Using Antenna Cables
Only coaxial cables designed specifically for RF should be used to connect remote antennas to wireless receivers. Other types of cables, even those that appear similar, will have extremely high losses and will usually reduce operating range to a tiny fraction of what it should be. RF cables should be in one continuous length; splices and mended spots will also significantly affect range. For the same reason, only the correct type of RF connectors should be used, and they must be carefully and correctly installed.

Even the best RF cables have considerable loss at wireless microphone frequencies. Since long cables will significantly reduce operating range, especially at UHF, RF cables should be kept as short as practical. The size and type of cable used should be matched to the frequency range and the required cable length. When the cables must be long, a higher-quality cable is required and a larger size with lower losses should be selected. RF cable losses are considerably higher at UHF frequencies as compared to VHF frequencies, and cable length and cable type are much more critical.

Even with the best cables, there is a maximum practical length of RF cable that can be used. Audio-Technica recommends that cable losses that reduce the normal operating range of the wireless by no more than 30% be considered the upper limit. To assist in cable selection, the table below shows the maximum recommended length of various types of common RF cables for VHF and UHF at a 30% and 50% reduction in range.

Cable TypeVHFUHF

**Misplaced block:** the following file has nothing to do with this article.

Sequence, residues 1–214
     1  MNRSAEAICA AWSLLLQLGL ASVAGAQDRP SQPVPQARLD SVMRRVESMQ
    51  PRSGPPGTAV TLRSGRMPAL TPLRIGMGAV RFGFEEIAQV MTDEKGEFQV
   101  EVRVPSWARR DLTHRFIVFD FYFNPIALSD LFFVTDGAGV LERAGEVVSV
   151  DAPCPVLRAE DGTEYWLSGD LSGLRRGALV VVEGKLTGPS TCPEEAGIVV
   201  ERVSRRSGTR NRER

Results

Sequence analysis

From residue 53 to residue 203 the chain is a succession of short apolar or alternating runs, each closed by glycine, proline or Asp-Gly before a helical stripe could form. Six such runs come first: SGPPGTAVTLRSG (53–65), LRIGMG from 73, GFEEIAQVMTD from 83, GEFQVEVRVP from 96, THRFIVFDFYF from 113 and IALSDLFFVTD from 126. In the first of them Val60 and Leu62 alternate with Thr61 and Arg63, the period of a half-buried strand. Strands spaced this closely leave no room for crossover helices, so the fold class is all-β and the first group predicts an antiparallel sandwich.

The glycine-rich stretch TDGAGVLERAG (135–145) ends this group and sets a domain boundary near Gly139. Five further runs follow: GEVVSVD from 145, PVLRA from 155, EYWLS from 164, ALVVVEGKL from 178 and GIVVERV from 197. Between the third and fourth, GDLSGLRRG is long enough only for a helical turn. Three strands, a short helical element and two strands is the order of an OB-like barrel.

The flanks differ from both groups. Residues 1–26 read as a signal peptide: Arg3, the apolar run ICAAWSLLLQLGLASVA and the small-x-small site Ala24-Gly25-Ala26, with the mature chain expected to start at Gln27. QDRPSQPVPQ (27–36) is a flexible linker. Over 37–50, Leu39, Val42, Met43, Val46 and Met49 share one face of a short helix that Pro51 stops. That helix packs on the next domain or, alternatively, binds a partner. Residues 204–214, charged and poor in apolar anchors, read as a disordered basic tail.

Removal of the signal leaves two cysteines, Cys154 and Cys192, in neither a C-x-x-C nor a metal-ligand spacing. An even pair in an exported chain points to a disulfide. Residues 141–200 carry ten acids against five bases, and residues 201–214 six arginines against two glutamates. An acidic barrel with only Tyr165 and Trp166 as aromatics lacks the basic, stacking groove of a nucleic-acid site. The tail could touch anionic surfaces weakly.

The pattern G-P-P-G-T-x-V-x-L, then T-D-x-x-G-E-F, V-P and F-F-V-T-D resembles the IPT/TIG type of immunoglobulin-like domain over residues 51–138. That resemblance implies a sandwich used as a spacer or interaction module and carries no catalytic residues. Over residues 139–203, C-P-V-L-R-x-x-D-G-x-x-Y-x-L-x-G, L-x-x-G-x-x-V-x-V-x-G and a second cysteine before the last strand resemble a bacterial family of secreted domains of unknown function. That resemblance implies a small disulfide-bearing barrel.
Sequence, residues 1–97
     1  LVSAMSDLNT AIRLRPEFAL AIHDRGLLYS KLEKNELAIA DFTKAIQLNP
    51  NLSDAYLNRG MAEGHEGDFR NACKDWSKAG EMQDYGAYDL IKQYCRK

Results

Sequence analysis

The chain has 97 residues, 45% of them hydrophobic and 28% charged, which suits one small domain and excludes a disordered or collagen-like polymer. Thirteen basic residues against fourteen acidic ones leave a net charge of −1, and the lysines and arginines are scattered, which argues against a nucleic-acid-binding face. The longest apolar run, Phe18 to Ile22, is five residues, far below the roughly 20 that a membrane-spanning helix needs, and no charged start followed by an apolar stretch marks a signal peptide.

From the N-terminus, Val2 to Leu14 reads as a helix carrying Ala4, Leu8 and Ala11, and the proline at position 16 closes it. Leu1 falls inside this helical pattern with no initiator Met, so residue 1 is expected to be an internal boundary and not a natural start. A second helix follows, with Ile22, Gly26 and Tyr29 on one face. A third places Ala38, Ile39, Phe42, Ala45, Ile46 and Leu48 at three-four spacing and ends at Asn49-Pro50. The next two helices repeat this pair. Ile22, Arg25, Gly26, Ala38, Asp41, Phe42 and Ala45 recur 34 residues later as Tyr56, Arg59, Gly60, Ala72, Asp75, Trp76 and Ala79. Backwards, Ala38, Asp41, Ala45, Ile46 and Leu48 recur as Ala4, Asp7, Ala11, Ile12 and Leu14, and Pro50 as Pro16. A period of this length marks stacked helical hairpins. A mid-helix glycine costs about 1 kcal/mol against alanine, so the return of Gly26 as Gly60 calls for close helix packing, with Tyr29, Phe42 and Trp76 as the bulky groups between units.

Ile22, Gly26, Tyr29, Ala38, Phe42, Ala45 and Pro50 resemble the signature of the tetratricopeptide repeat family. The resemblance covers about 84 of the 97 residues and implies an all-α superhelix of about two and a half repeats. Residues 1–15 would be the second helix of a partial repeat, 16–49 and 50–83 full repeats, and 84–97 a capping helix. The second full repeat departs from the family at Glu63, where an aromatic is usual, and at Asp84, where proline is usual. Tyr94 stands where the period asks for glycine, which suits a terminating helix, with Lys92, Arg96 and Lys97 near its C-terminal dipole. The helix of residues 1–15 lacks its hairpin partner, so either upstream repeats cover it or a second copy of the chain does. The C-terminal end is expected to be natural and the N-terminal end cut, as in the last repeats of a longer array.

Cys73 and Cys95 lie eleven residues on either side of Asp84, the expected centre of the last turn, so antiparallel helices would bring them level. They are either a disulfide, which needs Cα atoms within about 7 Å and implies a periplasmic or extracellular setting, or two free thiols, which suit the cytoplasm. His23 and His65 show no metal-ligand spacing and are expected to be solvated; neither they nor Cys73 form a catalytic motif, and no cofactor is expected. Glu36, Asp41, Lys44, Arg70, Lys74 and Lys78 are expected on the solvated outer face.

Length for 30% Range ReductionLength for 50% Range ReductionLength for 30% Range ReductionLength for 50% Range Reduction
Lo-cost RG-5833' (10 m)65' (20 m)15' (4.5 m)30' (9 m)
Quality RG-5854' (16 m) 107' (32 m)24' (7 m)48' (14 m)
Lo-cost RG-870' (21 m)140' (42 m)31' (9.5 m)63' (19 m)
Quality RG-8110' (33 m)220' (66 m)48' (14.5 m)96' (29 m)
Foam RG-8 (Belden 9913)165' (50 m)330' (100 m)75' (23 m)150' (46 m)

Notes:
  1. RG-58 type cables are approximately 0.2 inch (5 mm) in diameter; RG-8 type cables are approximately 0.41 inch (10.5 mm) in diameter.

  2. The reduction of range listed in the table above is in comparison to the results that would be obtained with the same antenna connected directly to the receiver.

Audio-Technica does not recommend using cables with losses that reduce range by more than about 30% without taking steps to compensate for the excess cable loss. At UHF frequencies and for some VHF applications, it may be practical to overcome part or all of the cable loss by using a directional antenna with gain. It might also be possible to locate the antennas where they will receive more signal. Using a higher mounting location, moving the antennas closer to the transmitters or repositioning them to avoid objects that block the RF signals will all be helpful.

Using Antenna Splitters
When remote antennas are needed for several wireless receivers, the cost and complication of using separate antennas and cables for each receiver can become impractical. This is especially true when long cables are needed. The solution to this problem is to use an antenna splitter. An antenna splitter allows connecting several receivers (usually four) to one antenna, or two antennas for diversity receivers.

There are two general types of antenna splitters: active splitters and passive splitters. Passive RF signal splitters, also known as RF power dividers, have considerable loss. A typical device that can split one antenna signal into outputs for four receivers will reduce operating range to 40-45% of normal. This is obviously very undesirable, particularly if long RF cables are also required. Active splitters, on the other hand, have internal RF amplifiers to offset the inherent loss in the RF power dividers, avoiding the large penalty in range.

There is a drawback to active splitters, however. Because of the amplifiers, they are vulnerable to intermodulation problems when strong RF signals are present. Care should be taken to prevent overloading active splitters, especially if the antenna cables are short and the transmitters are close to the antennas. In this case, too much signal can cause almost as many problems as too little signal. When using active splitters, it is recommended that transmitters never be allowed to come closer than about 20 feet (6 m) from the receive antennas.

Back to Contents